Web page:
The ghost in the recovery machine, by Robert J Shiller, Commentary, Project Syndicate: The International Monetary Fund’s October World Economic Outlook proclaimed that, “Strong public policies have fostered a rebound of industrial production, world trade, and retail sales”. The IMF, along with many national leaders, seem ready to give full credit to these policies for engineering what might be the end of the global economic recession.
National leaders and international organisations do deserve substantial credit... But one also suspects that world leaders have been too quick to claim so much credit for their policies. After all, recessions generally tend to come to an end on their own, even before there were government stabilisation policies. ...
Economic theorists long ago developed models that describe how recessions end on their own. ... Some of these factors, rather than just the actions taken by governments and multilateral organisations, plausibly played a role in the current economic improvement. Unpredictable human psychology also plays a role. Such factors, indeed, matter very much for the economic outlook, and for judging the success of the recovery programme.
One can start with the stock-market turnaround since March of this year, which has been stunning. ... Moreover, this same sharp turnaround occurred in many countries – and for many assets, including oil prices, gold, and, in some countries, residential real estate.
Any solid understanding of the causes of this turnaround is likely to prove elusive. ... A market boom, once started, can continue for a while as a sort of social epidemic, and can foster inspiring “new era” stories that are spread by news media and word of mouth. The stories themselves help magnify the boom, becoming part of the feedback that sustains it.
The agreements reached at recent G-20 meetings stand as one of these stories, for they suggest a new era of international co-operation and economic professionalism – a narrative that has probably been exaggerated in the psychology of recovery.
The G-20 story is particularly salient in the developing world, for the international recognition that the G-20’s expanded role has given to developing countries is highly resonant psychologically.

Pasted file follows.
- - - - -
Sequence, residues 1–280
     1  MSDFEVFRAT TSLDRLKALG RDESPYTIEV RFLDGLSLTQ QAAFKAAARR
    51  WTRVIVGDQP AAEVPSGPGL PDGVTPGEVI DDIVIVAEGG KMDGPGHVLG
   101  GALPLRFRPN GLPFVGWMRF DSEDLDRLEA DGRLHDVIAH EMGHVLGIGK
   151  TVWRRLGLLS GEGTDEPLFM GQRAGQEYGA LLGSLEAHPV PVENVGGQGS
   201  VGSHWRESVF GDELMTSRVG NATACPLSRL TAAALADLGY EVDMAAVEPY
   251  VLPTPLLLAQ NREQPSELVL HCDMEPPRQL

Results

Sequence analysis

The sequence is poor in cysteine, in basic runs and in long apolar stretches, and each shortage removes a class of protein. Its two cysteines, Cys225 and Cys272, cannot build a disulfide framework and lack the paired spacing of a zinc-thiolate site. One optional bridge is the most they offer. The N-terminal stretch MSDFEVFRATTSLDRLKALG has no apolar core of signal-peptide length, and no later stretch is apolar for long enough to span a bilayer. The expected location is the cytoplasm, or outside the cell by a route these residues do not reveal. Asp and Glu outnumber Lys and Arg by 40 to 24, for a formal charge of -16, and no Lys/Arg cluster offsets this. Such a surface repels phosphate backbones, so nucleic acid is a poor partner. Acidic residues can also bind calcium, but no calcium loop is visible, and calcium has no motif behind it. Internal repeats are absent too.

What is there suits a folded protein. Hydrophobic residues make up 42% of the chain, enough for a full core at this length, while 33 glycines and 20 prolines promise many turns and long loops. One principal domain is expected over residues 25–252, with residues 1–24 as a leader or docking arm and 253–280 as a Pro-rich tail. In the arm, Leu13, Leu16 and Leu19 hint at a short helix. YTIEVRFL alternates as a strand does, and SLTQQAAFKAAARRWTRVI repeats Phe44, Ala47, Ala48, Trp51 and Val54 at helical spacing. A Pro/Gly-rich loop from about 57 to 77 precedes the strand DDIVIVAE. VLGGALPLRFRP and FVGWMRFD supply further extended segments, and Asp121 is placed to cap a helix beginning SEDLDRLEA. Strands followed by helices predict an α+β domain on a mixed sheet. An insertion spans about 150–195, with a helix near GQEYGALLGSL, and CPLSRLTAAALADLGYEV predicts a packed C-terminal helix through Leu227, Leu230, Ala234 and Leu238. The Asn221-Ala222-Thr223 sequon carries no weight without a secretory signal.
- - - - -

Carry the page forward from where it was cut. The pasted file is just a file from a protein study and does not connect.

Beyond that, stories of highly profitable banks paying huge bonuses to their executives have also inspired people to think that things are not so bad in the business world. Anger at these profits and bonuses only tends to increase the contagion of the story.
But any such speculative boom is inherently unstable... It was, in fact, an excessive speculative boom in the stock market and the housing market that got us into this financial mess in the first place.
To be sure, governments and multilateral institutions made some reasonable attempts to restore confidence. But they did not “engineer” a recovery. They got lucky, and the G-20, as well as the governments that instituted stimulus packages, are currently in a honeymoon period of apparent success.
Where our still-ailing world economy goes from here is as uncertain as the speculative markets that played such an important role in both the financial crisis and the recovery. We can only wish that formulating economic policy were as clear-cut as, say, mechanical engineering. It is not: a host of poorly understood natural cyclical factors play a role, and so do the vagaries of human psychology.
He may not want to give much credit to policy, but I would not have wanted to go through this crisis without the aggressive monetary and fiscal policy measures that policymakers put into place (and given the state of the labor market, even more was and is needed).